The FDA’s Safer Technologies Program, or STeP, is part of an overarching emphasis on safety, and the related draft guidance focuses largely on the process of applying for a STeP device. However, a member of the FDA staff said on a webinar that device accessories – and devices that make other devices safer – are also eligible for the program.
The FDA’s emphasis on medical technology safety has spawned several regulatory innovations, including the STeP program, which is designed to provide expedited reviews for device and diagnostic applications that are “reasonably expected to significantly improve” safety. The draft guidance for the STeP program, released in September, leverages some of the concepts underpinning the breakthrough devices program. The fact that the STeP program prioritizes the related applications makes it complementary to the breakthrough devices program, the agency said in the draft.
The FDA’s Joshua Chetta, a biomedical engineer at the Center for Devices and Radiological Health, said on a recent webinar that there are many eligibility factors that pertain to the STeP program. One of these is that the program is limited to PMA, de novo and 510(k) devices, but devices that are designated under the breakthrough devices program are not eligible for the STeP framework.
Chetta added that the fourth specific eligibility factor is that the candidate device “should provide for an improvement of the safety of another device or intervention.” He said this can be met when the sponsor can demonstrate that the candidate device offers “a specific type of improved safety benefit” for another medical device or for an intervention.
Any such candidate device does not have to be a formal medical device accessory, Chetta said, but the device should be a finished device in any event. He said sponsors can obtain more information about the characteristics of device accessories by checking the Dec. 20, 2017, FDA final guidance for medical device accessories and device classification pathways, which specifically includes software as a type of device that can be deemed an accessory.
Acute, long-term events both applicable
Another eligibility factor is that the device should be reasonably expected to “significantly improve” the benefit-risk profile of a treatment or a diagnostic. The agency’s expectation is that the applicant device achieves this by reducing the occurrence of a known serious adverse event, although that event can be known to take place in either the acute phase or over a longer term.
The second eligibility factor, that of a reduced occurrence of a device failure mode, “should be associated with serious health consequences,” Chetta said. However, that failure mode must be a documented event rather than the subject of speculation or one which can be reasonably inferred. Also corollary to this second eligibility factor is that the hazard addressed by the device may be incurred by someone other than the patient, such as a health care professional, but Chetta noted that inadequate or unclear labeling does not qualify as a substantial safety innovation.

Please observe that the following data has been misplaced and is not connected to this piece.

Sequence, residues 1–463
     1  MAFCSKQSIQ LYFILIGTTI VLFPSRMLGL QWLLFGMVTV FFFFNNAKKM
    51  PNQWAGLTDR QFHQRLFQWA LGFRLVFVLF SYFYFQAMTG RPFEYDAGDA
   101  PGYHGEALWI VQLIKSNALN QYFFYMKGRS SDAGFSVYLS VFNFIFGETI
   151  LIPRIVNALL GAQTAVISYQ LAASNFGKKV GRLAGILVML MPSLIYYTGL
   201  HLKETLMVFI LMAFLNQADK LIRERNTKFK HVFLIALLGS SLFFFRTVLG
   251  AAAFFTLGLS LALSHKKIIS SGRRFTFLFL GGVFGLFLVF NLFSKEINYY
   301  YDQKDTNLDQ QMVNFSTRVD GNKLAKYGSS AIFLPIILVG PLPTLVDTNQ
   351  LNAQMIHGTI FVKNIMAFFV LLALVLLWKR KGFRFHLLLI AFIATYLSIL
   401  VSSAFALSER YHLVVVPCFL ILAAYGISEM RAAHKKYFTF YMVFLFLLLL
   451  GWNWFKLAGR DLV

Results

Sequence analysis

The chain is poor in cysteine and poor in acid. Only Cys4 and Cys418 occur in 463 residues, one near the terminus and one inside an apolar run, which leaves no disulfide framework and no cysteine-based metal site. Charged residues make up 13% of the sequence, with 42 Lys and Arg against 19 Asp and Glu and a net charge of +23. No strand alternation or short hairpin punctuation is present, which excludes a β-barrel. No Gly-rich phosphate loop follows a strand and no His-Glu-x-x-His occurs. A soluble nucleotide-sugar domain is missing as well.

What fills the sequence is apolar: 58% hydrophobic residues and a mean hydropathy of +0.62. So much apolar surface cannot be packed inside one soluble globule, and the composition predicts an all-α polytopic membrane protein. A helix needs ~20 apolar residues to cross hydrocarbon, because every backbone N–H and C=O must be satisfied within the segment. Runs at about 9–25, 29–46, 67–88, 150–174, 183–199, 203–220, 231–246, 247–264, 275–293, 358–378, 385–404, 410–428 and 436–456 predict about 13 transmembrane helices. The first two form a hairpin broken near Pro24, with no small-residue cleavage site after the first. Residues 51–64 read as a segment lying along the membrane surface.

Chetta emphasized that the acceptance of a device into the STeP program does not ensure that the sponsor’s proposed risk classification for that device is the classification the agency will ultimately adopt. The same holds for whether the device will be deemed an accessory.
The sponsor should apply for entry into the STeP program for a given device prior to the associated regulatory filing so that the agency can examine the two considerations in parallel, Chetta said. The FDA will accept multiple devices into the STeP program that are designed to take on a given safety issue, he said.
Devices accepted into the STeP program can make use of a regulatory sprint with the FDA review team to address any unusually difficult questions, and sponsors can make use of traditional pre-submission interactions with the FDA “for those questions or requests that don’t fit into the other mechanisms for feedback,” Chetta said. The sponsor can also request that the FDA provide a regular status update, and he said the FDA intends “to expedite the review process of these requests as resources permit.”
Stand-alone Q-subs only
Chetta said sponsors should use a separate Q-submission filing to deal with any other aspects of that device application, leaving the application for admission into the STeP program as a stand-alone Q-submission. He said the review team would attempt to handle any other Q-submissions for that device in a timely manner so as not to hold up the designation process for the STeP program.
The FDA has not arrived at a clear definition for “significant improvement” over the safety profiles of existing devices, Chetta said, although he noted that the agency’s emphasis is on “those kinds of big public health safety concerns.”
The docket for the STeP devices draft indicates that 14 comments were submitted, but only one submission is visible. Any submissions to the docket that contain proprietary information may not be publicly available to avoid any such disclosures.
The sole visible comment to the docket came from Terri Greulich, a marketing consultant for director of marketing for Medlite ID Inc., of St. George, Utah. Greulich made the case for inclusion of class I devices in the program, citing the example of a device that attaches to the primary or emergency intravenous line. This device would light that line to distinguish it from other lines, and thus reduce line mix-ups and the associated medication errors. Greulich said the ECRI Institute of Plymouth Meeting, Pa., had identified such issues as the fourth most prominent safety concern in 2015.